Next time: Swing a Cat, Hit a VP


Anonymous said...

Don't think "Star Trek: The Movie". Instead, think "Independence Day."

Predatory aliens move from planet to planet plundering resources before moving on.

Is resistance futile?

Anonymous said...

Ponzi was selected over the recommended Presidential choice even though the Chancellor knew he had baggage with a trail of lawsuits and out of court settlements. To answer the question "Who does the Chancellor report to?" That would be the Secretary of Education who was appointed by Gov. Tim Kaine. When will this tempest in a teapot spill over to the media?

Anonymous said...

Folks, wake up and smell the coffee. This isn't about a college we love. This isn't about a college where some of us have given two or three decades of our careers. This isn't about the students we serve.

This is about executive careers and the cronies who scratch each others backs to advance each others careers.

The chancellor knows what's going on down here. I have that on very good sources in Richmond.

How did a guy who the faculty senate and the support staff organization said was Unacceptable get the job? His crony from San Antonio Texas community colleges was state secretary of education.

Why does he keep his job? His crony that used to be secretary of education is now head of the regional accrediting agency. The local board has members of his fraternty. He is the only minority president in the system.

Do you get it now?

But wait theres more. He's hired cronies at our place: a vice president from his Spokane days, a former vice president now an associate vice president from his Peralta days, a student services dean (and those are just the ones that we know about).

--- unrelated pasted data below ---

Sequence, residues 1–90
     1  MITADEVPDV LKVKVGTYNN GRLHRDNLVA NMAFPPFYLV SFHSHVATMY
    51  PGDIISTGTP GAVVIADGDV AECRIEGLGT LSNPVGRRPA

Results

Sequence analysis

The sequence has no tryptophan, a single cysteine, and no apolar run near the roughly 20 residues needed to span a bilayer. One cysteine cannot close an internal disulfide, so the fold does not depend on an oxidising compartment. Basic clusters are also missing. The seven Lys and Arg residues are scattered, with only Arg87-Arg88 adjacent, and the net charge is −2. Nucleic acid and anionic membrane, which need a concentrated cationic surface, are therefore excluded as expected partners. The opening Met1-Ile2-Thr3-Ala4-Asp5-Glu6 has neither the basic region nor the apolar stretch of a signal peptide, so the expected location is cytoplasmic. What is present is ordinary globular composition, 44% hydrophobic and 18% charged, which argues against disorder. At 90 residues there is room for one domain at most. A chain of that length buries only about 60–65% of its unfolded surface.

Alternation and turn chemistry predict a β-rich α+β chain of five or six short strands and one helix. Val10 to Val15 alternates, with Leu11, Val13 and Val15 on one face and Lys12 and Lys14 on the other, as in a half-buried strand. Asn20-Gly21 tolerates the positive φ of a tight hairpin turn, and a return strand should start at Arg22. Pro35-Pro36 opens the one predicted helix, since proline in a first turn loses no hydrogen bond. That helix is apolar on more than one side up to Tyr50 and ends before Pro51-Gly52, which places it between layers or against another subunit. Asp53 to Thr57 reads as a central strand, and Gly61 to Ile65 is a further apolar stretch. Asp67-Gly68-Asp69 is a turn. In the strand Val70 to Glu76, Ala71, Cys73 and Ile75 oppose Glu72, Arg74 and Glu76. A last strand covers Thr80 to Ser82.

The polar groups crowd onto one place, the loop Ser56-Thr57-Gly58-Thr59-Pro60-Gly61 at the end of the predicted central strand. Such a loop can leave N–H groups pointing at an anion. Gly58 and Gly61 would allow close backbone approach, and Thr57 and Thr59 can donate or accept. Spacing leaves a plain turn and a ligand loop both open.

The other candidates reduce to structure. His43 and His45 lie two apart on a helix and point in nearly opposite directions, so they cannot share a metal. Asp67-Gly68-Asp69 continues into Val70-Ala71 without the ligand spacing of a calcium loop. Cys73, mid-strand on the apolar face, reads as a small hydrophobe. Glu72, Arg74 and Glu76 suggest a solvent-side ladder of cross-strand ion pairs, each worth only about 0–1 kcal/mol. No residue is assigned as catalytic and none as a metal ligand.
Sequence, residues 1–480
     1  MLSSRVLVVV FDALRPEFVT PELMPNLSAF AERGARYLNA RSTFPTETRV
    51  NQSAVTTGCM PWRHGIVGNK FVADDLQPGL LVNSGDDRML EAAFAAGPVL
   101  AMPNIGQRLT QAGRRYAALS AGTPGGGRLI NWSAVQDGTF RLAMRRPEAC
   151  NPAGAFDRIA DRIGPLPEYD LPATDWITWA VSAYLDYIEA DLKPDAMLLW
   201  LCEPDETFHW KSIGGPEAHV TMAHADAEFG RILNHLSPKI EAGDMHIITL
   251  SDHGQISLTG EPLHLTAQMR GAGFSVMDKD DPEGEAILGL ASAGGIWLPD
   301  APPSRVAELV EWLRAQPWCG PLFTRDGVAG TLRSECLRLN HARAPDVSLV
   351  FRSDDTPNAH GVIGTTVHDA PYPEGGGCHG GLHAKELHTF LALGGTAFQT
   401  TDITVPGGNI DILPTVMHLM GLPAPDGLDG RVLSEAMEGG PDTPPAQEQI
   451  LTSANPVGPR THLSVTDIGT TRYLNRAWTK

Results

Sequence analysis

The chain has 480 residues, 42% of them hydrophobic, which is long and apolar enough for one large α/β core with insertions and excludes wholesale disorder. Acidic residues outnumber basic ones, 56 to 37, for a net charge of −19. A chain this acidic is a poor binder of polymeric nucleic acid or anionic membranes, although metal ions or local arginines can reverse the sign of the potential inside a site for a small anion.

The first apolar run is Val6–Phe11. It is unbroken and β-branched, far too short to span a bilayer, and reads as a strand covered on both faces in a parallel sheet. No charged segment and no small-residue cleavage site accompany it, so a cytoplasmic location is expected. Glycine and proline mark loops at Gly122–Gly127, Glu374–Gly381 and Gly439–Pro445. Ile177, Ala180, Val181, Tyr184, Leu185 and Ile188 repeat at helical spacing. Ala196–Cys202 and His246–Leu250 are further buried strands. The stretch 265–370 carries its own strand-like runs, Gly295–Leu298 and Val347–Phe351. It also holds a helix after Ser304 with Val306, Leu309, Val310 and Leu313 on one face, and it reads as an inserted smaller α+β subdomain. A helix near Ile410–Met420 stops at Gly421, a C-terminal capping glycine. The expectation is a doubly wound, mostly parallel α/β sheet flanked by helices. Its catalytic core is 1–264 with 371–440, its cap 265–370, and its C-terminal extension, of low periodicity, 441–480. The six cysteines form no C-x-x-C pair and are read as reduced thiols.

Do you wonder why some departments don't seem to be accountable and can screw up over and over again without finding themselvs on the street (as many people have over the past three years)?

Our college is just a stepping stone on the way to something biggter and better for thse people.

Senate said...

The secretary of education spoke at graduation. He was the guy who endedhis talk by juggling soccer balls.

And you expect this guy to come to our aid?

Flagstiffed said...

Flagstiffed's readers email us from time to time. Here's a sampling from the ole mailbag:

"Where is the chancellor and why doesn't he step up? Has anyone tried to contact him. I know an attorney from his office threaten a blogger with slander on a posted blog. Is this the way they handle problems? Who is the chancellor's boss?"

Good questions. Maybe other Flagstiffed readers can answer your questions. Write us!!!!

Anonymous said...

Your business economist is right on the money!

The college's enrollment numbers apparently have been a lot of smoke and mirrors.

Largest percentage increases in the system? Largest enrollment in the college's history? It's all dual enrollments it turns out and they don't bring a penny in. Regular old vanilla enrollment is flat.

But while regular enrollment is flat we have offered a record number of course sections which dilutes the student-teacher ratio and reduces productivity.

We're spending more to teach the same number of students.

so long productivity, hello deficit